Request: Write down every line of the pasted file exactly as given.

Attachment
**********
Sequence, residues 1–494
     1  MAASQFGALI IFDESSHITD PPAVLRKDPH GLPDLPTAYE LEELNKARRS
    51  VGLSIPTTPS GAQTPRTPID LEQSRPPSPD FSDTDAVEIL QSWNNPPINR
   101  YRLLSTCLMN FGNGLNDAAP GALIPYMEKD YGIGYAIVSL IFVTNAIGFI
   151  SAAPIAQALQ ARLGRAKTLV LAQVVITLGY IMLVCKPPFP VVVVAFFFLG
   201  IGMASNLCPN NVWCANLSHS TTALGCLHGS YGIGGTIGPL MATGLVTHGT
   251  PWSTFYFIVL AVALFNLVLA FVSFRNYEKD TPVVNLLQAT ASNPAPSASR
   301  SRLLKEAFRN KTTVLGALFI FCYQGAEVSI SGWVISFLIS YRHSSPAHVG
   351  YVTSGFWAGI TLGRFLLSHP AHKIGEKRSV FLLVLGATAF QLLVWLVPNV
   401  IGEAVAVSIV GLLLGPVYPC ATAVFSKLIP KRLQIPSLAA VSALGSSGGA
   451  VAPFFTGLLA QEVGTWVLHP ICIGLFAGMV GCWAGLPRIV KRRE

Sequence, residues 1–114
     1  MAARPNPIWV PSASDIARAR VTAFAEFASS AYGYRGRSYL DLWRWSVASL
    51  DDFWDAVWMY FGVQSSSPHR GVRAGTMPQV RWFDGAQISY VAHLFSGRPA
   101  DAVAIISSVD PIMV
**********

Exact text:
Sequence, residues 1–494
     1  MAASQFGALI IFDESSHITD PPAVLRKDPH GLPDLPTAYE LEELNKARRS
    51  VGLSIPTTPS GAQTPRTPID LEQSRPPSPD FSDTDAVEIL QSWNNPPINR
   101  YRLLSTCLMN FGNGLNDAAP GALIPYMEKD YGIGYAIVSL IFVTNAIGFI
   151  SAAPIAQALQ ARLGRAKTLV LAQVVITLGY IMLVCKPPFP VVVVAFFFLG
   201  IGMASNLCPN NVWCANLSHS TTALGCLHGS YGIGGTIGPL MATGLVTHGT
   251  PWSTFYFIVL AVALFNLVLA FVSFRNYEKD TPVVNLLQAT ASNPAPSASR
   301  SRLLKEAFRN KTTVLGALFI FCYQGAEVSI SGWVISFLIS YRHSSPAHVG
   351  YVTSGFWAGI TLGRFLLSHP AHKIGEKRSV FLLVLGATAF QLLVWLVPNV
   401  IGEAVAVSIV GLLLGPVYPC ATAVFSKLIP KRLQIPSLAA VSALGSSGGA
   451  VAPFFTGLLA QEVGTWVLHP ICIGLFAGMV GCWAGLPRIV KRRE

Sequence, residues 1–114
     1  MAARPNPIWV PSASDIARAR VTAFAEFASS AYGYRGRSYL DLWRWSVASL
    51  DDFWDAVWMY FGVQSSSPHR GVRAGTMPQV RWFDGAQISY VAHLFSGRPA
   101  DAVAIISSVD PIMV